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UK spy boss can intercept citizen’s Facebook

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UK government says they can snoop on the British when they use Google, Facebook, and other web-based email without issuing a warrant simply because these firms are based abroad.

GCHQ, the UK intelligence service headquarters can conduct what is called “external communications”. These can be done without warrant or can be intercepted even without clearance. This is according to the spy boss himself Charles Farr.

This is a policy revealed in lieu of a legal battle with Privacy International.

Policy International has called the policy “patronizing”.

This is the very first time that UK has made a comment on its legal framework ever since whistle blower Edward Snowden, who has fled the US and is now residing in Russia, revealed the mass interception of communications by the global government surveillance.

Exactly how “external communications” bypass basic law is when a person conducts searches or sends information using Google, Facebook, YouTube, Twitter, Hotmail and Yahoo, they are doing so overseas and this does not need a warrant signed by the minister.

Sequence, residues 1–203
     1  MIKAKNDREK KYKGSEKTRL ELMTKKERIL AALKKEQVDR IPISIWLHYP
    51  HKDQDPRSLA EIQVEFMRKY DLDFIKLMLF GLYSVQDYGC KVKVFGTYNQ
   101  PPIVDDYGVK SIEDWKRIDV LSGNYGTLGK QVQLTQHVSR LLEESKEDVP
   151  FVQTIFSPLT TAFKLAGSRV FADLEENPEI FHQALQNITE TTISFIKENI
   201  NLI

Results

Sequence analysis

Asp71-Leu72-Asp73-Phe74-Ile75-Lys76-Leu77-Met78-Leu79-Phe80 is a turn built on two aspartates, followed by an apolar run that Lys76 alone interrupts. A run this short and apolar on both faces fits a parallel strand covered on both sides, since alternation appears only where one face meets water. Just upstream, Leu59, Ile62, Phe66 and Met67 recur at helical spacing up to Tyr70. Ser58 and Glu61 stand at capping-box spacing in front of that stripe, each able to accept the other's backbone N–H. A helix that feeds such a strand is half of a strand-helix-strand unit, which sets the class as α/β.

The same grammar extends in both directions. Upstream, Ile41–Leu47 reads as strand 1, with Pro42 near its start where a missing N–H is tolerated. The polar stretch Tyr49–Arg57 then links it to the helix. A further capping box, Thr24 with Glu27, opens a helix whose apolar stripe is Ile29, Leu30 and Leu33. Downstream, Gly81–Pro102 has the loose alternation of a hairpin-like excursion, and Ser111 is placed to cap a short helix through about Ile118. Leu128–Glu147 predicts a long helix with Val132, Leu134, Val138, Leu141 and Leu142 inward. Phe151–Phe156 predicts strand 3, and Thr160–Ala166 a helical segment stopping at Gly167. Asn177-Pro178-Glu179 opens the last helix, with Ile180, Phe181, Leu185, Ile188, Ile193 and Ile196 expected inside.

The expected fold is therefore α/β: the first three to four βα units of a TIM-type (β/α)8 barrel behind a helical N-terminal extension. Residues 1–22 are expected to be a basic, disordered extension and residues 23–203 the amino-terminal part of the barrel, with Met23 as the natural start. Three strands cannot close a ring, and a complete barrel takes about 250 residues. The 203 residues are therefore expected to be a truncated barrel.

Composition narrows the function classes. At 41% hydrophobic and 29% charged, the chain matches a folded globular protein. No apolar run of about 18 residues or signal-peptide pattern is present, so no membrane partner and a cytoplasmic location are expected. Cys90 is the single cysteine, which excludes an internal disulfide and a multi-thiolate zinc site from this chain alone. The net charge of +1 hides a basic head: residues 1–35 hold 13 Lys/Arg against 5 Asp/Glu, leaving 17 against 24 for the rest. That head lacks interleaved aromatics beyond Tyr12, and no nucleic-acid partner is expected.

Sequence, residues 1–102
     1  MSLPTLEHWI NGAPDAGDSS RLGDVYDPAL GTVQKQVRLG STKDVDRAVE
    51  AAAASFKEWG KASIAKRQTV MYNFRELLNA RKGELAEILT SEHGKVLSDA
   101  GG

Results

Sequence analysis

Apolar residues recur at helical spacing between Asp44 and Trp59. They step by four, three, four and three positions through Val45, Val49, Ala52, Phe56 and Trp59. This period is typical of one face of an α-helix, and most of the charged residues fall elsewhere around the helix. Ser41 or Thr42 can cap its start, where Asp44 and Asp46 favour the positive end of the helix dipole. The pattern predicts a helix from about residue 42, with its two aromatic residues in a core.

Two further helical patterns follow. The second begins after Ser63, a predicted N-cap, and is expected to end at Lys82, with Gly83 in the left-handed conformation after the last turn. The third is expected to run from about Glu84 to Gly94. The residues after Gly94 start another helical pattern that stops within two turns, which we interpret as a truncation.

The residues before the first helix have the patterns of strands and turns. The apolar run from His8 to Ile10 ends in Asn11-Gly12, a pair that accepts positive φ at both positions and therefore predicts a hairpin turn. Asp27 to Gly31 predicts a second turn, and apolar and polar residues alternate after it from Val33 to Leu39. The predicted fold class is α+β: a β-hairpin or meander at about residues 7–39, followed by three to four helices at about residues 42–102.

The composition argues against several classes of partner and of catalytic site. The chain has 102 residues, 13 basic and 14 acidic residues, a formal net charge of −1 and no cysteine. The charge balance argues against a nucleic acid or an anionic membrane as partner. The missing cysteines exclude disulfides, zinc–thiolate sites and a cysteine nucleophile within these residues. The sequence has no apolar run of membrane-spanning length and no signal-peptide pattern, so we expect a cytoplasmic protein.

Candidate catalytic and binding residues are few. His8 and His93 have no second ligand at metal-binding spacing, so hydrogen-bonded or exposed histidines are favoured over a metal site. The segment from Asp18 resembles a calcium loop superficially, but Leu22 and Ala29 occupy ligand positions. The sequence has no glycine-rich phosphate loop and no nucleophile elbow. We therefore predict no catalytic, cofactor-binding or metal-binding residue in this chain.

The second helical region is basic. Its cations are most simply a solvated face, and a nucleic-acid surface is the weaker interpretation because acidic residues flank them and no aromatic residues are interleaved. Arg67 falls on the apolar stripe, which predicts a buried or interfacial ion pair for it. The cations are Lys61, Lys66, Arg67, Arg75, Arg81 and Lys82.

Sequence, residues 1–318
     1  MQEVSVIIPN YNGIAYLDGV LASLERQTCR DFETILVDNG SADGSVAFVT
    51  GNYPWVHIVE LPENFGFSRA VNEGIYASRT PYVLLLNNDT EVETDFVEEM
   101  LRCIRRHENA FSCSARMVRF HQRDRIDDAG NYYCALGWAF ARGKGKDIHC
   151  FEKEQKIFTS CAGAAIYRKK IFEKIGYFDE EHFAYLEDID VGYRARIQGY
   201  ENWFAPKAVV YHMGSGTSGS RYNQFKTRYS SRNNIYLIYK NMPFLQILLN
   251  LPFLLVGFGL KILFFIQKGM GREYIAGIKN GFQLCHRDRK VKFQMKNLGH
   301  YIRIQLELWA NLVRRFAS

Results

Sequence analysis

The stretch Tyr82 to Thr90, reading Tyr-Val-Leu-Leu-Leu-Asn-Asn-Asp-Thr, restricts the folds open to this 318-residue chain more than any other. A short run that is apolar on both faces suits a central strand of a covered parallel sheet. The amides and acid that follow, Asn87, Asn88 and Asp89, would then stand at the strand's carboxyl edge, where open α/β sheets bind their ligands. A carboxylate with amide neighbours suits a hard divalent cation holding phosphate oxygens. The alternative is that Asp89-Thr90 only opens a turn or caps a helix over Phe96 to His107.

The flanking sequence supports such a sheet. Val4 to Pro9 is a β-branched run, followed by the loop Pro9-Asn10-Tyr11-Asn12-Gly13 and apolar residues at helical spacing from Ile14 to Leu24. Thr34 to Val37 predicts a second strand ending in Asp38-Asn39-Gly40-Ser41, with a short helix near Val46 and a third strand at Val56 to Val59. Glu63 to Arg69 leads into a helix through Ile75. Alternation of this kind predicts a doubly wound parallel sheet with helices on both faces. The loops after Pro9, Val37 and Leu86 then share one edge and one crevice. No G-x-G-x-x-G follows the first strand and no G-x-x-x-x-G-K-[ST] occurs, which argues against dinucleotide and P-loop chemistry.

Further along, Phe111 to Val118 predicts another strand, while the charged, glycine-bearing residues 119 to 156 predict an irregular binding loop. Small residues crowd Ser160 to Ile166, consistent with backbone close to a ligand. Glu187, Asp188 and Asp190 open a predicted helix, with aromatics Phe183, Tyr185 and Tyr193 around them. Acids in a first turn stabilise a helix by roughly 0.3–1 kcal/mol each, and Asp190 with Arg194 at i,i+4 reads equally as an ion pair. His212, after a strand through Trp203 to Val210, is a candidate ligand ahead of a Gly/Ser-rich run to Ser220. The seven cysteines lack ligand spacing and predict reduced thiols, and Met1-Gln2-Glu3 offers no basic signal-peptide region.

He said though, that all the details collected in this manner cannot be in any way read, looked at, or even listened to, unless of course in strictly limited circumstances.

The British intelligence has always regarded their acts as lawful. Mr. Farr has not revealed the extent of GCHQ’s power on the external communications. He justified In a 48-page statement that the work is “authorized, necessary, and proportionate,” and that it is carried out with strict policy framework.

However, some have argued that the laws surrounding interception are hard to understand. People are already confused on how the government applies to different communication forms.

Civil liberty groups found this outrageous.

James Welch, Liberty’s legal director, said that this is enough reason that their nation’s snooping laws need an overhaul.

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